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Posted: 1/5/2003 5:31:19 AM EST
I'm considering changing from dial-up to DSL. Where I live the phone lines are really old and my internet connections are very slow if I can get one. I don't really know what or how DSL works? How does it work? What are the advantages over dial up? Any help would be appreciated.
Link Posted: 1/5/2003 5:43:51 AM EST
[Last Edit: 1/5/2003 5:44:24 AM EST by echo6]
The advantage of DSL is [b][red]SPEED[/red][/b] If you have old phone lines, you probably cant get DSL, a high speed connection requires the new fiber optic lines vs. the old style copper ones. echo6
Link Posted: 1/5/2003 5:44:21 AM EST
[Last Edit: 1/5/2003 5:48:11 AM EST by gomer]
To sum up the advantages DSL is faster and doesn't require a second phone line. Edited to say: Check out www.dslreports.com for all of your answers. It is a great resource for DSL/Cable modem information.
Link Posted: 1/5/2003 5:46:59 AM EST
[Last Edit: 1/5/2003 5:48:49 AM EST by gomer]
Originally Posted By echo6: If you have old phone lines, you probably cant get DSL, a high speed connection requires the new fiber optic lines vs. the old style copper ones. echo6
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Not quite. DSL service is often not available because of the existance of fiber. Just because the lines are old doesn't mean that DSL service is not available. In fact, the existence of old phone lines is the reason why DSL exists. The phone company will need to remove any bridge taps from the local loop and as long as you are within about 18,000' of a DSLAM service should be accessible.
Link Posted: 1/5/2003 5:52:44 AM EST
DSL runs over a standard pair of copper wires. When I had mine installed (1999) they installed a separate line for the DSL. Now days the provider will typically "piggback" the existing line. As far as the age of your phone lines go, I have seen DSL running at nearly max speed on old wires that the braided cloth insulation has fallen off and has corroded green. The only way to find out for sure is to have the potential provider test your lines.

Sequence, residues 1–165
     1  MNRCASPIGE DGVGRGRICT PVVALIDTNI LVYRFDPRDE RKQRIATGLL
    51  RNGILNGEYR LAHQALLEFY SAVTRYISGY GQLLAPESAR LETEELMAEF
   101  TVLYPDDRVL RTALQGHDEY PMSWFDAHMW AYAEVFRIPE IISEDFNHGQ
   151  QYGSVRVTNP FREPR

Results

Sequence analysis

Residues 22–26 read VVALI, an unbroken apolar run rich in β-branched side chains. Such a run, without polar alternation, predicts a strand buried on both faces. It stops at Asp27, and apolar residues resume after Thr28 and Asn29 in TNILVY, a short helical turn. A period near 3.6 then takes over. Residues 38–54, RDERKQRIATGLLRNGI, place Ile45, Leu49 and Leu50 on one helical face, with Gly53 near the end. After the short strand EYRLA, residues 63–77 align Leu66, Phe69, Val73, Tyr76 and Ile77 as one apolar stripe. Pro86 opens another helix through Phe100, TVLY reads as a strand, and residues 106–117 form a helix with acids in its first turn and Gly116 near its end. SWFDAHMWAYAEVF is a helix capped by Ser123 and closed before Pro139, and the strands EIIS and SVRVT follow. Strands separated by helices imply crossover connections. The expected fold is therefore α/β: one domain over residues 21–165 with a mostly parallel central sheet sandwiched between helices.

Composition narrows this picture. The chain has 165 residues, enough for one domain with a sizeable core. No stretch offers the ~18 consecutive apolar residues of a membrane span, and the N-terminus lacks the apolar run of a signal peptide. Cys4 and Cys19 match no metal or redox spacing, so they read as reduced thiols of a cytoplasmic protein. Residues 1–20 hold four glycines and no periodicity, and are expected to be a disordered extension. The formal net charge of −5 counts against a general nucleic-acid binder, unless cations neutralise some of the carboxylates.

Link Posted: 1/5/2003 6:21:29 AM EST
If you are REALLY interested in speed, get a CABLE MODEM, if the service is available in your area...I get T1 speeds all day long.
Link Posted: 1/5/2003 6:23:57 AM EST
HEllo, Go to www.dslreports.com and use their tools utility to check the distance from your house to the CO (Central office). When I first got DSL I was 9000 ft away and had good service, in my new house I am 12,000 feet away and I have better service (their equipment got better). The DSL signal is carried over the standard copper wires and has nothing to do with fiber optics. The copper wires for phone usually carry signals in the 5khz range and the DSL signals start at 20khz. These numbers are just examples but the ratio is right, the DSL signal is 4 - 5 times higher. So with increased freq. you get increased bandwidth for internet. When they install they give you little filters that you put on your non-computer line. These filters filter all of the high freq. stuff that is intended for the computer. Without the filter on the regular phone the conversations sound all staticky. I have had DSL for 2 1/2 years and have had zero trouble. The best thing you can do is run a direct line from the outside telephone hookup to where you want the computer, this way you get no splices etc. If the installer knows what he is doing you go outside to the box and you run two lines; one for the computer without a filter and one for the regular phones and you put one filter on that before it branches out everywhere. This is nice because then you don't have to use all of those little filters on each phone.
Link Posted: 1/5/2003 6:34:23 AM EST
Negative on the fiber optics. If there's any fiber in your line between your house and the central office you can't get DSL service. Your central office must support DSL service and the maximum length of the cable run is limited to 15,000-18,000 feet.
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